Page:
Sir Hugh PAULET, Knight

Born: 1500, Hinton, St. George, Somerset, England

Died: 6 Dec 1572/3

Father: Amyas PAULET (Knight)

Mother: Lora KELLAWAY

Married 1: Phillipa POLLARD (dau. of Lewis Pollard and Agnes Hext) 1528, Hinton St. George, Somersetshire, England

Children:

1. Nicholas PAULET

2. George PAULET

3. Jane PAULET

4. Amyas PAULET (Sir)

Married 2: Elizabeth BLOUNT ABT 1559 / 12 Nov 1560


The details in this biography come from the History of Parliament, a biographical dictionary of Members of the House of Commons.

Hugh Paulet of Hinton St. George, Somerset, born by 1510, first son of Sir Amias Paulet of Hinton St. George by his second wife Lora, dau. of William Keilway of Rockbourne, Hants. Educ. M. Temple. Married first, c. 1530, Phillippa, dau. of Sir Lewis Pollard of Kings Nympton, Devon, by whom he had three sons and two dau.; and second, settlement 12 Nov 1560, to Elizabeth, dau. of Walter Blount of Blount's Hall, nr. Uttoxeter, Staffs., widow of Anthony Basford of Bentley, Derbys. and of Sir Thomas Pope of London and Tittenhanger, Herts. s.p. Kntd. Jul 1536; succeeded fa. 11 Apr 1538. J.p. Som. 1532-d., western circuit 1540-d., Devon 1547-d., Dorset 1562-d.; steward, bp. Bath and Wells by 1534-72, jt. (with s. Amias) 1572-d.; sheriff, Som. and Dorset 1536-7, 1542-3, 1547-8, Devon 1541-2; member, council in the west 1539; commr. coastal defence, west country 1539, relief, Som. 1550, goods of churches and fraternities, Bath, Som. 1553, fortifications, Jersey 1562, musters, Som. 1569; surveyor, lands of Glastonbury abbey 1540; v.-adm., Som. and Dorset c.1540; treasurer, Boulogne 11 Oct 1544 - Oct 1546; gov. Jersey 20 Mar 1550-d.; v.-pres. council in the marches of Wales 8 Apr 1559; custos rot. Som. c.1562-d.; chief steward, Taunton 1572-d. Governor of Jersey, Vice-President of Wales, and second-in-command at the defense of Le Havre, who received twenty-eight votes in the last five years of his life, 1569-73.

Hugh Paulet's forbears took their surname from a village near Bridgwater, which remained the family seat until Hinton St. George passed by marriage into its ownership during the 15th century. His father, who practised as a lawyer, figured prominently in county affairs and procured the influential post of steward to John Clerk, Bishop of Bath and Wells first for himself and on his resignation for his son. Paulet's succession to his father in this office suggests why, not long after achieving his majority, he was included on the Somerset bench, for which neither his descent nor his fortune pre-eminently qualified him. It was perhaps through his brother-in-law Richard Pollard that he came to Cromwell's notice; they were apparently well known to each other by 1534 when Bishop Clerk hoped to clear himself of a malicious report when Cromwell mentioned it to Paulet, and thereafter his name occurs frequently among the minister's remembrancers.

Paulet was knighted in Jul 1536, probably coincidentally with Cromwell at the dissolution of the short Parliament of that summer. The timing of Paulet's accolade suggests that he had sat in that Parliament, and if he had he was also probably a Member of the previous one, as the King asked for the re-election of Members of that Parliament to its successor. If we assume that he had been by-elected within his own county, he may have replaced Sir William Stourton as one of the Somerset knights on his summons to the Lords as 7th Baron Stourton. If this surmise is true, Sir Hugh Paulet could look back on two parliamentary sessions when he took the senior knighthood in the Parliament of 1539. Of his role in this Parliament nothing is known, but after the dissolution in 1540 he and his fellow-knight Sir Thomas Speke received a letter about the collection of the subsidy that they had helped to grant.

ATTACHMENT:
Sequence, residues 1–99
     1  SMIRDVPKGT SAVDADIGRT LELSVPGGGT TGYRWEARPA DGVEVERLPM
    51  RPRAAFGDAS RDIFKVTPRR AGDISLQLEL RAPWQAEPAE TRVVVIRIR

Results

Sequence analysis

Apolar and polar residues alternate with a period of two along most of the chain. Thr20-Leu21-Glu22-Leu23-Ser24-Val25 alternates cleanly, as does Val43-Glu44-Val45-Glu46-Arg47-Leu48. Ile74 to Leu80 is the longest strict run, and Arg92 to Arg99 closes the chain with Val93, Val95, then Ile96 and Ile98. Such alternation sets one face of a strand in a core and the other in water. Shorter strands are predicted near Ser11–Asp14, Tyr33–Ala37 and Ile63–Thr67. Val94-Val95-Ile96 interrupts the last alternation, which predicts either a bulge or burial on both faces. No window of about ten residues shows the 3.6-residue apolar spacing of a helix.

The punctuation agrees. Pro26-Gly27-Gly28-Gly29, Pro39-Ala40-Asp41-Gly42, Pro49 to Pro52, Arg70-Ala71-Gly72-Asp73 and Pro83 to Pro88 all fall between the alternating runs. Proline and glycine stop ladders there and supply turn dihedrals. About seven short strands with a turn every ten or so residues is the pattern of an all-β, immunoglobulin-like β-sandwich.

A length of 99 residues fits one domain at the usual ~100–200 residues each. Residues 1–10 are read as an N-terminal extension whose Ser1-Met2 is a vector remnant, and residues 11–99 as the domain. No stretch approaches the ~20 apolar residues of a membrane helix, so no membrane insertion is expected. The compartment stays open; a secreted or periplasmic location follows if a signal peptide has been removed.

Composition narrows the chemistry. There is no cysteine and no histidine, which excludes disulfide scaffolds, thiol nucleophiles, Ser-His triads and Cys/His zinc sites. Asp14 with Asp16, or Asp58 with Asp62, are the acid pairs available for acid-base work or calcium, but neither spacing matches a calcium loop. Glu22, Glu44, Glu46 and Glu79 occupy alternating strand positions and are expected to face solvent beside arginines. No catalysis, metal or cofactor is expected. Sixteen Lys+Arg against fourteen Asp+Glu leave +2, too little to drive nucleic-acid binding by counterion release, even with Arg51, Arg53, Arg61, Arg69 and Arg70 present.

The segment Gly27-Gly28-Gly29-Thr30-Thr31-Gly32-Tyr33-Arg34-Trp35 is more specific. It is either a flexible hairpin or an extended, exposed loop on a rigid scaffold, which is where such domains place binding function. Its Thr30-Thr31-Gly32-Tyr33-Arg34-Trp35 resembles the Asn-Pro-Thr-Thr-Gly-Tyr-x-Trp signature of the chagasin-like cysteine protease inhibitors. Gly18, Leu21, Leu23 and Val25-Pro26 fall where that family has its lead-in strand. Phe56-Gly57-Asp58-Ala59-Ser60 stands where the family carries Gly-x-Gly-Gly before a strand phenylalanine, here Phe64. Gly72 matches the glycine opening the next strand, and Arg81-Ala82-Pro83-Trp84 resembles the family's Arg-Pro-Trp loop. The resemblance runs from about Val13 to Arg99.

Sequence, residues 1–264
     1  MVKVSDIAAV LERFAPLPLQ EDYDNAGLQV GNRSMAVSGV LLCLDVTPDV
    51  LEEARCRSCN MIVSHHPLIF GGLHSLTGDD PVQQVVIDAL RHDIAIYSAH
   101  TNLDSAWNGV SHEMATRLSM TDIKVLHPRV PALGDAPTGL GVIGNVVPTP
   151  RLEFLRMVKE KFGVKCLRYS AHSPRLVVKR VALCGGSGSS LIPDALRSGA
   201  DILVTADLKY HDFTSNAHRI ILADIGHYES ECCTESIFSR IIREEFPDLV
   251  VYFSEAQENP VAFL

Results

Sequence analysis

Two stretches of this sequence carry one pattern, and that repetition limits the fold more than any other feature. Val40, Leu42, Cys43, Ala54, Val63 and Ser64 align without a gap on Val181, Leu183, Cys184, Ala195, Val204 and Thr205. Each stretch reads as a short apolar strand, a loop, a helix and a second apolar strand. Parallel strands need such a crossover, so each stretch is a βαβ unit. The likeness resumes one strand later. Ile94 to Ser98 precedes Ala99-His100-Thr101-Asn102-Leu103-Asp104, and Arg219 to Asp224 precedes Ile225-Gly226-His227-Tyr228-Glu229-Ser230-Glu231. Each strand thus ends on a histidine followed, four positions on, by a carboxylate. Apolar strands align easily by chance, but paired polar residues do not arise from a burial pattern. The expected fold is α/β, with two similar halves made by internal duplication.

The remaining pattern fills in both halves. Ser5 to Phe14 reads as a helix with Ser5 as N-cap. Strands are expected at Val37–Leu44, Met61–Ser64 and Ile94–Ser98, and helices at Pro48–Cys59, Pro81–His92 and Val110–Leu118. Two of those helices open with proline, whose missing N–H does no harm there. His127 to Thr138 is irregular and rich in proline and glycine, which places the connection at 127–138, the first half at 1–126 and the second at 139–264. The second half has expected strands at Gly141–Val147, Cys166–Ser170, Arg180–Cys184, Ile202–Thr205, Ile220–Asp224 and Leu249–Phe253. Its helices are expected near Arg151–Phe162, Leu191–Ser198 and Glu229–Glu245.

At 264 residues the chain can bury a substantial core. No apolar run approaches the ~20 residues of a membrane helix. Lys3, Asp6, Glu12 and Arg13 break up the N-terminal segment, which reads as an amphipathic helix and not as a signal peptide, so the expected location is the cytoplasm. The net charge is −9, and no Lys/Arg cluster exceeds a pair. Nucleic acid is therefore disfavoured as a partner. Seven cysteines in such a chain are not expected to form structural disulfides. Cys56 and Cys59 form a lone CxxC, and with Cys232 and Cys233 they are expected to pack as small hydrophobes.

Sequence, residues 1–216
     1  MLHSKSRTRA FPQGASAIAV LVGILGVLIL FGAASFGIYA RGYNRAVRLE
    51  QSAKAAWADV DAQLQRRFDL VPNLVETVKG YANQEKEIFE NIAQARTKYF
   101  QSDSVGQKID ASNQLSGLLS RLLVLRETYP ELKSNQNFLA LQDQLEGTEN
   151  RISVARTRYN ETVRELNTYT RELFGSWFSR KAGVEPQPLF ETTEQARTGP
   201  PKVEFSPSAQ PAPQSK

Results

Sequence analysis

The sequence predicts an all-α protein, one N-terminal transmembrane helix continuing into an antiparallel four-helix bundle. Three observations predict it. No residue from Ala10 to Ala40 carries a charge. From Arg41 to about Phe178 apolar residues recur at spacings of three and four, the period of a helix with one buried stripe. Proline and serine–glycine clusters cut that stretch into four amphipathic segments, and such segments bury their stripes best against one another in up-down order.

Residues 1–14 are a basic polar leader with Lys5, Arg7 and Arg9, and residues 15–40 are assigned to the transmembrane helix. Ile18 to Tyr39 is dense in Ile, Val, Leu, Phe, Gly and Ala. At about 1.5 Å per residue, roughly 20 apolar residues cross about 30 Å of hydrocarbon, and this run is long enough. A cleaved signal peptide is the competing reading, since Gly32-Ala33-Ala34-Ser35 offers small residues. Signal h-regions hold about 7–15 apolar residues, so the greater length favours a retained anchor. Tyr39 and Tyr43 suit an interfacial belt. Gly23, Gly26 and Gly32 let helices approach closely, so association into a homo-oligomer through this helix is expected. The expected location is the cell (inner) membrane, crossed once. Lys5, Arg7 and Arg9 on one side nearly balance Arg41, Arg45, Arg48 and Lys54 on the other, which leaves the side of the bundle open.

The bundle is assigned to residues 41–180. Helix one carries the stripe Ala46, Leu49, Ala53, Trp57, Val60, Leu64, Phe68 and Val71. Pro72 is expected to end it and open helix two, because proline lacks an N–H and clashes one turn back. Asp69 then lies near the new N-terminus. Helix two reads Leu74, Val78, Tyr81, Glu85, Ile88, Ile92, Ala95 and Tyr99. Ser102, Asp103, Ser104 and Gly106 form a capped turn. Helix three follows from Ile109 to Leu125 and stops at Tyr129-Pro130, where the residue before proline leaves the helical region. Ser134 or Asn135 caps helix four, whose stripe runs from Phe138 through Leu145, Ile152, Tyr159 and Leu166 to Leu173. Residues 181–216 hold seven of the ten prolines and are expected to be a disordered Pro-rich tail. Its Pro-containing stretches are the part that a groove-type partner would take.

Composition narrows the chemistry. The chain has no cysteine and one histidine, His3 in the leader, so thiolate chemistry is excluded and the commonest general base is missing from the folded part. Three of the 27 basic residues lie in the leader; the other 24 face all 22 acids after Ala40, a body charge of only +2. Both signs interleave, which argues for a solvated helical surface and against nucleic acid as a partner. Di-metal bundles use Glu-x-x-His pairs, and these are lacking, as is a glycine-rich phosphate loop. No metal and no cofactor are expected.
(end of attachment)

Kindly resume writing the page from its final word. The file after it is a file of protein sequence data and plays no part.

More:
At the outbreak of the northern rebellion in 1536 Paulet was ordered to attend the King at Ampthill, Bedfordshire, and later he led a band of 300 men against the insurgents. This was the start of a varied military and administrative career. In 1544 he served at the siege of Boulogne, and on the town's surrender he became a member of its governing council, with special responsibility for its safety, and he resided there for the next two years. He is not known to have fought in either Edward VI's Scottish war or Mary's French one, but in 1549 he helped Sir John Russell, Baron Russell to restore order in the west and when in 1562 the Huguenots handed over Le Havre to Elizabeth, he advised the Earl of Warwick on its control. Notwithstanding his links with the Protector Somerset to whom he lent money and commended men for service, he was named in 1550 the ex-Protector's replacement as governor of Jersey: Paulet had gone to the Channel Islands in the previous year to review their administration and defence. While governor he ordered the translation of the first Prayer Book into French: Strype's statement that he did this as governor of Calais must be an error, for Paulet is known to have encouraged and advanced the progress of the Reformation in the Channel Islands.

The discharge of his obligations elsewhere did not prevent Paulet from taking part in the management of the south-west, but his absences from England doubtless explain the 30-year interval between his return for Somerset in 1539 and that in 1572. His suing out of general pardons in 1547, 1554 and 1559 seem to have been no more than a conventional precaution. Throughout his career he availed himself of the opportunity to expand his inheritance, acquiring lands by grant or purchase from the crown. He died on 6 Dec 1573 and was buried in the church at Hinton St. George in the tomb which he had built to receive his first wife and himself.
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